/ 3 June 2024

How to judge an AI-programmed genocide

Israeli Army Attacks Continue On The Gaza Strip
The dead bodies of two Palestinian staff members of Kuwait Hospital, who died as a result of the unmanned aerial vehicle attack by the Israeli army near Kuwait Hospital, are being removed from the ground by Palestinians in Rafah, Gaza on May 27, 2024. (Photo by Mahmoud Bassam/Anadolu via Getty Images)

On 11 January, 2024 South Africa presented arguments accusing Israel of genocidal acts at the International Court of Justice. During the public hearing, South Africa emphasised the genocidal intent of its acts of destruction and the mass killing of Palestinian people. 

According to the Rome Statute of 1998, “genocide” means acts committed with intent to destroy, in whole or in part, a group through killing, causing serious bodily or mental harm, as well as deliberately inflicting on the group conditions of life calculated to bring about its physical destruction in whole or in part. 

Judges were asked to respond to the intention of Israel and concluded that measures should be taken to prevent acts of genocide in the Gaza strip. 

Israel’s high-tech killing campaign relies on automatised weaponry, making it difficult to establish intent and accountability. Yet, the technology of genocide, programmed by the Israeli Defence Forces (IDF), is based on human agency — in it resides the impulse to model machines as automated systems of algorithmic killing. 

The question of the intention to kill is central to assessing the responsibility of an agent committing a voluntary act. Two recent investigations revealed by independent publications +972  Magazine and Local Call detailed the systems developed and used by the IDF to program calculated bombing in Gaza, one that can program the destruction of targets using computational science. 

The first system, called “The Gospel”, can generate four distinct categories of targets, from residential towers to family homes. For each target, a file is attached that specifies the number of civilians that are probably going to be killed in the attack.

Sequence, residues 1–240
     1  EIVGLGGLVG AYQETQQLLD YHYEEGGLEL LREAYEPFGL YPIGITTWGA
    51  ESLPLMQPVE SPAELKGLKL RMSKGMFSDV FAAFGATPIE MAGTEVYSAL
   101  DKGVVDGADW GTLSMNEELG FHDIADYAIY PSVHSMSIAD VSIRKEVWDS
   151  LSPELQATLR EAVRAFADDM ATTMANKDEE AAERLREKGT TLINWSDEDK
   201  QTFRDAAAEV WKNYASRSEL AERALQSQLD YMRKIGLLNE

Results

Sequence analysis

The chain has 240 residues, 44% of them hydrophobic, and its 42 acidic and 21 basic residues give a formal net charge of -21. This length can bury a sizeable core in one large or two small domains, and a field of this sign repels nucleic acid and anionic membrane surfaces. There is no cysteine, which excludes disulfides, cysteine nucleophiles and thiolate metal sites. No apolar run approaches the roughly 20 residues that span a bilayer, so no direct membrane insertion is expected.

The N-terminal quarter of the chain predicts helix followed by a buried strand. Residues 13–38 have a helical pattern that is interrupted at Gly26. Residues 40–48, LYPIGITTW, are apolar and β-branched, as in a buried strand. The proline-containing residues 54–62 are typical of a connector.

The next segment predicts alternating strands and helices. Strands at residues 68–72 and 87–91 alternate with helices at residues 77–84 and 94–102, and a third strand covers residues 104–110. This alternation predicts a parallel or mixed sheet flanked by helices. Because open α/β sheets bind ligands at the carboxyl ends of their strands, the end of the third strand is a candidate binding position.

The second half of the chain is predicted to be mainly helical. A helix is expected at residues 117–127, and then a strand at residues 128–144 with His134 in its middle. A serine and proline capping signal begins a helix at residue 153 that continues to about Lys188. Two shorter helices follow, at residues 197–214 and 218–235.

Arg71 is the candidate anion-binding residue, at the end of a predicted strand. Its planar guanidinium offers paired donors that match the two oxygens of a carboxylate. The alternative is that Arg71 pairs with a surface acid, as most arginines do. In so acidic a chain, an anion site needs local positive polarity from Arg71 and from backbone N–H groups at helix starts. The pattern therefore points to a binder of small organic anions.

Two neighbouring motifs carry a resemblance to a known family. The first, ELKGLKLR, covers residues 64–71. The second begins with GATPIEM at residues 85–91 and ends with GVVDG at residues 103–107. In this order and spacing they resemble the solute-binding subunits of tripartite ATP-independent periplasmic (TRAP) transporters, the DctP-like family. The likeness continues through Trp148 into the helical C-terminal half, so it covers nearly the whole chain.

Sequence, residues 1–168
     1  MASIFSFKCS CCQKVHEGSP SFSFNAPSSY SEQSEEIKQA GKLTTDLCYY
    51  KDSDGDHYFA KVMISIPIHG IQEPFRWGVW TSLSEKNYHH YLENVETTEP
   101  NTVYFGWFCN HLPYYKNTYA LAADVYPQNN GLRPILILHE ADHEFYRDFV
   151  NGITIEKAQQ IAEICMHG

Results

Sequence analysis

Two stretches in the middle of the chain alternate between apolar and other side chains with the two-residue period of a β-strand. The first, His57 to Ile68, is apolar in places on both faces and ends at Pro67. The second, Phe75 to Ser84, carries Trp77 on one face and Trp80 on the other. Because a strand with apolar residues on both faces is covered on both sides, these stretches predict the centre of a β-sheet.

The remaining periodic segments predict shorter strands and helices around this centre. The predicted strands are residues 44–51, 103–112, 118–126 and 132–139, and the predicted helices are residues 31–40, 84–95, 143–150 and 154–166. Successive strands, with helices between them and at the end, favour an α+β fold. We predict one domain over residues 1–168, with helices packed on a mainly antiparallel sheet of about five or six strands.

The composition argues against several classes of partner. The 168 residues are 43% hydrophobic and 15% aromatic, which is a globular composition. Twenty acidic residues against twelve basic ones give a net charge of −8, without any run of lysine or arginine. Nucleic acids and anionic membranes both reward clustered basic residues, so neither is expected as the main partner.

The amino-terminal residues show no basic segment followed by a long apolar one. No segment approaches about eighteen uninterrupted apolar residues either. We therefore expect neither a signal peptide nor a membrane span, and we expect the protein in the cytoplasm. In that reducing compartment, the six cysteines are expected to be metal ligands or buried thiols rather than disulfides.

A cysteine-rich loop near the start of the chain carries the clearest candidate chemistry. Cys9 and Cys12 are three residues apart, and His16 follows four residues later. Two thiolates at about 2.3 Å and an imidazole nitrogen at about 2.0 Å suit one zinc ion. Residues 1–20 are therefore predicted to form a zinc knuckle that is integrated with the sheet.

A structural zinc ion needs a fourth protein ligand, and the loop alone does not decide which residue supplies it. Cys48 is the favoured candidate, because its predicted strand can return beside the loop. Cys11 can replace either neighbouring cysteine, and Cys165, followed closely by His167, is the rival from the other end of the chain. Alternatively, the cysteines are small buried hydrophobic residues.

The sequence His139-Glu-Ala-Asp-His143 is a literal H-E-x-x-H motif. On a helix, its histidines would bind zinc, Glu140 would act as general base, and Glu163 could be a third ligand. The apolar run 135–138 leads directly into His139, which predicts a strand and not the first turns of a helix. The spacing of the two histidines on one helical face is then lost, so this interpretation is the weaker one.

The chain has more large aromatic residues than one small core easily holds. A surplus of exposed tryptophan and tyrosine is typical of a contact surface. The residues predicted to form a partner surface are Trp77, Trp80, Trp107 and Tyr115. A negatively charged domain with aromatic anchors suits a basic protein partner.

“Nothing happens by accident,” said a member of Israel’s intelligence community, interviewed for the investigation. “When a three-year-old girl is killed in a home in Gaza, it’s because someone in the army decided it wasn’t a big deal for her to be killed — that it was a price worth paying in order to hit [another] target. We are not Hamas. These are not random rockets. Everything is intentional. We know exactly how much collateral damage there is in every home.” 

In an attempt to kill one Hamas leader, the military command can approve the killing of hundreds of Palestinians. In carrying out the attacks, the army’s intelligence units know in advance how many people will die. Here, the intention to kill a Hamas leader is clear, yet that intention comes with the collateral damage of soon-to-be dead civilians. 

While in the past, power targets, such as high-rise buildings, were hit to shock civilian society, the latest war against Palestinians reveals that military protocols have been loosened to increase civilian assassination. 

The second system, Lavender, is an Artificial Intelligence-controlled machine that marked as many as 37 000 Palestinians as suspected militants for assassination. Lavender curates a kill list of suspected operatives in the military wings of Hamas and the Palestinian Islamic Jihad. 

These human targets were designated despite knowing that the system makes so-called errors in about 10% of cases. A loose connection, or no connection at all, to militant groups is valid data used by the system to produce a human target ready for assassination. 

How can one verify the data used to train the AI systems developed by the IDF? This data can be collected through voluntary use of agreements by Palestinians users of smartphones and social media but also through spying. Israel is known to have designed the infamous spy-software Pagasus that can bypass detection and be used by governments to spy on journalists, activists and citizens in several countries.